The PERILL model is instead asking the team to reflect on which best practices they apply day to day as a team, and which they do not.  An anonymous report is provided which enables the team to discuss effortlessly about ways to collaborate that will bring them closer to high performance. A monthly check-in and refresh for 3-6 months is enough for the team to improve and eventually self-coach.  When the coach is not needed anymore, that is proof that a good job has been done.


7) What benefits do you think come from offering team coaching in parallel to individual coaching?

Team coaching is a relatively new concept compared to individual coaching.  Companies are used to team training and team building, but not team coaching. I am proposing a model that is totally new and putting on its head the usual approach to team coaching, with the team leader and the team itself behind the driving wheel.  I also think that companies are used to earmarking budgets for team improvement, whereas individual coaching is much too often still regarded as something which is proposed to leaders that have a problem.  Nothing could be further from the truth.  Coaching, both for teams and individuals, is enhancing performance through gains in awareness and mindfulness of one's behaviour, which in turns facilitates choices and implementation of new behaviours. The world's top CEO's have coaches, there is a good reason for that. 


8) In your BOLDLY Coach Profile, you mention helping project groups in college with their final year projects- can you expand on what this entails and why you enjoy working along side the students?

Students have fresh ambition and young spirits.  I find it a pleasure to discover what they dream of and what they want to achieve in life.  Coaching young generations also gives me the opportunity to spread the awareness of coaching early on, which hopefully will contribute to the use of coaching later in their corporate jobs.  At Chulalongkorn School of Integrated Innovation, bachelor students embark on a capstone project in their last year. The first three months, the project groups are offered the opportunity to be coached by me, and I am using the PERILL model and the same approach and tools as I would with a corporate client.  The project teams have different needs when they come to my coaching sessions.  I then work together with each individual project team to develop strategies that will help them achieve their goals.  There is not much difference between coaching students and corporate clients, but the context changes and they have different levels of maturity and experience.  As I have said, bias and judgment must be set aside to do a good job as a coach.  The importance is not how senior the client is, but whether they consider having achieved their expectations.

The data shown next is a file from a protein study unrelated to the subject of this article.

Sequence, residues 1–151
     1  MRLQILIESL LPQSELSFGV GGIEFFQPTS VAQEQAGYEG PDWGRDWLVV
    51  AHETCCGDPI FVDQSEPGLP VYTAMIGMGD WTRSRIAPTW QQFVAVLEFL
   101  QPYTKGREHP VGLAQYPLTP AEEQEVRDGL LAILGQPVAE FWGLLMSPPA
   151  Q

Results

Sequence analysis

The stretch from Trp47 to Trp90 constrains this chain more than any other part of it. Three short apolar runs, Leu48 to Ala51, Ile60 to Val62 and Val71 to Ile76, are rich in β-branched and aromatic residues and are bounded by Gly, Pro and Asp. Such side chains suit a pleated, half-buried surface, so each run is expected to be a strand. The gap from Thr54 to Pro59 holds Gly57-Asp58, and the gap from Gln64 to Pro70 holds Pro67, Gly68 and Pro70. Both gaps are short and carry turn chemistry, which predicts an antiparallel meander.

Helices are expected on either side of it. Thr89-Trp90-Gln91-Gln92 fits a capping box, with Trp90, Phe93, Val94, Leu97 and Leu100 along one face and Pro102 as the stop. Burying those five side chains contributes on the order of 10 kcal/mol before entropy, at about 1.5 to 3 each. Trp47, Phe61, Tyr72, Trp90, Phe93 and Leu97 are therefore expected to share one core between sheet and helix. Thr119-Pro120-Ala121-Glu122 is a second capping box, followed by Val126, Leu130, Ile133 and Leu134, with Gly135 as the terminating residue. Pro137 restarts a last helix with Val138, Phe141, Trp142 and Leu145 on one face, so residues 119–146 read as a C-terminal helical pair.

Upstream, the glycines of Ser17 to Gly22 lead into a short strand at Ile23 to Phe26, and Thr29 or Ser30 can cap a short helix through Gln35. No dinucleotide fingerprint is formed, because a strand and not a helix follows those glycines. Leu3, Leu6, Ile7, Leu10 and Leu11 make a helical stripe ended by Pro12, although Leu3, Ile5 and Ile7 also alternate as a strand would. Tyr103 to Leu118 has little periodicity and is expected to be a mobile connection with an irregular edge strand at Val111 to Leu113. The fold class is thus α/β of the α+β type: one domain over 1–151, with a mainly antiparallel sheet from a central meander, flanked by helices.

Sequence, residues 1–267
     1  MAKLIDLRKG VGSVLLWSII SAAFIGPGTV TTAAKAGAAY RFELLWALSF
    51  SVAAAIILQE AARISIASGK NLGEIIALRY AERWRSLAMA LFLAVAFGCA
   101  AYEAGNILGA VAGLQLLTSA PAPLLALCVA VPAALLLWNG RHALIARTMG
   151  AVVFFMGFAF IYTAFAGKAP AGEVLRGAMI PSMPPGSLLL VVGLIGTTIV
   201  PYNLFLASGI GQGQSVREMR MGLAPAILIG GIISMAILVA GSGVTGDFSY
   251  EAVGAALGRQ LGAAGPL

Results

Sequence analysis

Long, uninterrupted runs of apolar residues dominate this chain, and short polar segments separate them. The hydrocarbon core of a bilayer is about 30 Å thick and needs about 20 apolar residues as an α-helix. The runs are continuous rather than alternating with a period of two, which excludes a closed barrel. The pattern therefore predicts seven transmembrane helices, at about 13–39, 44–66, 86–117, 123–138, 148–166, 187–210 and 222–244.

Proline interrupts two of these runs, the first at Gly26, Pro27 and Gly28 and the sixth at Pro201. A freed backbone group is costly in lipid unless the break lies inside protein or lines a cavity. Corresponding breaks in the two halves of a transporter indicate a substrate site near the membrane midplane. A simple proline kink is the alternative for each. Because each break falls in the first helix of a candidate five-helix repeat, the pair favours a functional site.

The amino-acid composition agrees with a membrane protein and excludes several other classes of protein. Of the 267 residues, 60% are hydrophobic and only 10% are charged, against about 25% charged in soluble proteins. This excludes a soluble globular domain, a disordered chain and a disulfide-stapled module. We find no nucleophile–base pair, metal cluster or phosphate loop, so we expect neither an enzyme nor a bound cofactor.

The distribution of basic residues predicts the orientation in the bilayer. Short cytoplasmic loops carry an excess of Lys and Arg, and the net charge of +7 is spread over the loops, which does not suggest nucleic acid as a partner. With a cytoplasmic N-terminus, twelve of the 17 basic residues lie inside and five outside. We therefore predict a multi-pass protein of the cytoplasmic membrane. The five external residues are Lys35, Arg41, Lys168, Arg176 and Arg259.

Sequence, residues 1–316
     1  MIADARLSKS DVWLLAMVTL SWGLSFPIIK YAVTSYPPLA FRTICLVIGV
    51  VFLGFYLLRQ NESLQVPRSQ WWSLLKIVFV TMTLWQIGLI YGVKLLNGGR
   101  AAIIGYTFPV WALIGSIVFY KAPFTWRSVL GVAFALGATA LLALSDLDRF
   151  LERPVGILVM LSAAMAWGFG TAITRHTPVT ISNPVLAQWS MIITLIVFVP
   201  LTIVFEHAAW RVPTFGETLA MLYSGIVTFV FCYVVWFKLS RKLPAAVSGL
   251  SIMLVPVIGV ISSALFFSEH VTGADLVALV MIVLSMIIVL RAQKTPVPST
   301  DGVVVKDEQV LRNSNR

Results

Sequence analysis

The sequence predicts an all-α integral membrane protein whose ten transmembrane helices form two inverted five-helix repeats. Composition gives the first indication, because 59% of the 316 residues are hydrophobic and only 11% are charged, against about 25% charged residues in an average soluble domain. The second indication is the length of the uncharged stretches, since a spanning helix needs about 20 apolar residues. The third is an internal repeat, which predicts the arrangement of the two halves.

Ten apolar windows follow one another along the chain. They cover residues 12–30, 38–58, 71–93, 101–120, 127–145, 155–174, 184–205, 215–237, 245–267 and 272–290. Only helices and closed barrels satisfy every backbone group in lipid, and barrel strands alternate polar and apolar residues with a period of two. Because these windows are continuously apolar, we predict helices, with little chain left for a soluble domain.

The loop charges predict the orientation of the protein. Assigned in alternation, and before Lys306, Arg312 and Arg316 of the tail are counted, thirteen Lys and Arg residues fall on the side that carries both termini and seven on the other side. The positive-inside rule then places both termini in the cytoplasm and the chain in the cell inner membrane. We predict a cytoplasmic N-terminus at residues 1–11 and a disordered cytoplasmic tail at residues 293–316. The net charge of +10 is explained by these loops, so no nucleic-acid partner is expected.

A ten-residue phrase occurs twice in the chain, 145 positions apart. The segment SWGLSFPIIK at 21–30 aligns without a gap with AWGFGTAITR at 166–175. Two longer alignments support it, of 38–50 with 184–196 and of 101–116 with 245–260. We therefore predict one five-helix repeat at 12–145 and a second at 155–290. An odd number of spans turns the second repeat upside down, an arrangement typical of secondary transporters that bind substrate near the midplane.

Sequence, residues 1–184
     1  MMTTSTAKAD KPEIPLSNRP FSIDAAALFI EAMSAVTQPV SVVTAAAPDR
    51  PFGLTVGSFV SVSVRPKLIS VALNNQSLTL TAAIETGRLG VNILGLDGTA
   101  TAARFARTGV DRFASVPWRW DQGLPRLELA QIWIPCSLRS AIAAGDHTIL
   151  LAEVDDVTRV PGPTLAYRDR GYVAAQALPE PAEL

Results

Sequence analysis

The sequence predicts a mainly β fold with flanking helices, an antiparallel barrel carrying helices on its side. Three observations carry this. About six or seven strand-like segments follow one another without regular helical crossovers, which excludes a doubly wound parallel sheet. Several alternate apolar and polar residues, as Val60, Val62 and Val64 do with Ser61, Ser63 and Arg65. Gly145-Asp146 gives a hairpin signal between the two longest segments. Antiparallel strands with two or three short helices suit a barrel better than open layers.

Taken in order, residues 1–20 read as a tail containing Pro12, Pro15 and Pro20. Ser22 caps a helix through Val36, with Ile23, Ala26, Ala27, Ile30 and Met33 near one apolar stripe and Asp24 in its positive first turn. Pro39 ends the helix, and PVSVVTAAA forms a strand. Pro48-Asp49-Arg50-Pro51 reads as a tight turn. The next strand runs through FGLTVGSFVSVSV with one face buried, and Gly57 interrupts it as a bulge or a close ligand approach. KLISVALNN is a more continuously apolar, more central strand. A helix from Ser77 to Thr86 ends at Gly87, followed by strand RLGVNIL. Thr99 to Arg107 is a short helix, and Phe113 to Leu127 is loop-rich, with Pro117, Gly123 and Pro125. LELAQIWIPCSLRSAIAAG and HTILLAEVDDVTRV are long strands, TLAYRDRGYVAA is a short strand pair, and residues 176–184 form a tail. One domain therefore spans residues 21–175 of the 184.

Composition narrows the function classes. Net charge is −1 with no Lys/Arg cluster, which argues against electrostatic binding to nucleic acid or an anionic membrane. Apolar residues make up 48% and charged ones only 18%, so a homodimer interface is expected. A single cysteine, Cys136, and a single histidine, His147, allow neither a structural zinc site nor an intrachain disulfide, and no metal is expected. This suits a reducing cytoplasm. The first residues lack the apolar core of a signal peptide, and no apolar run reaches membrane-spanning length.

9) How do you perceive the role of coaching within Asian cultures, and how might your experience living in Asian countries inform your approach to coaching within this region?